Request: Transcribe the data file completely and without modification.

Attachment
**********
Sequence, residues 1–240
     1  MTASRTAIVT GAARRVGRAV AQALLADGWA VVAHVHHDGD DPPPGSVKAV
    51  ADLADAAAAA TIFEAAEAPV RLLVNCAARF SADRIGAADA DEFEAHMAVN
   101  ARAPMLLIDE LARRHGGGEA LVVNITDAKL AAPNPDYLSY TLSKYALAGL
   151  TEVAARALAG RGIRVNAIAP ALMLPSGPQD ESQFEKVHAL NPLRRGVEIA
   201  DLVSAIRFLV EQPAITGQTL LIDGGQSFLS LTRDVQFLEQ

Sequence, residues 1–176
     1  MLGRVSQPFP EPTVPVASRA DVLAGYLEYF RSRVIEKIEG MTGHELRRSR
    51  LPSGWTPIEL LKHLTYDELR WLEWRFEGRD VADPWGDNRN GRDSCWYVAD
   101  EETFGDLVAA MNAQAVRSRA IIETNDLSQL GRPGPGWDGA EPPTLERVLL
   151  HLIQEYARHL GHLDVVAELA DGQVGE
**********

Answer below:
Sequence, residues 1–240
     1  MTASRTAIVT GAARRVGRAV AQALLADGWA VVAHVHHDGD DPPPGSVKAV
    51  ADLADAAAAA TIFEAAEAPV RLLVNCAARF SADRIGAADA DEFEAHMAVN
   101  ARAPMLLIDE LARRHGGGEA LVVNITDAKL AAPNPDYLSY TLSKYALAGL
   151  TEVAARALAG RGIRVNAIAP ALMLPSGPQD ESQFEKVHAL NPLRRGVEIA
   201  DLVSAIRFLV EQPAITGQTL LIDGGQSFLS LTRDVQFLEQ

Sequence, residues 1–176
     1  MLGRVSQPFP EPTVPVASRA DVLAGYLEYF RSRVIEKIEG MTGHELRRSR
    51  LPSGWTPIEL LKHLTYDELR WLEWRFEGRD VADPWGDNRN GRDSCWYVAD
   101  EETFGDLVAA MNAQAVRSRA IIETNDLSQL GRPGPGWDGA EPPTLERVLL
   151  HLIQEYARHL GHLDVVAELA DGQVGE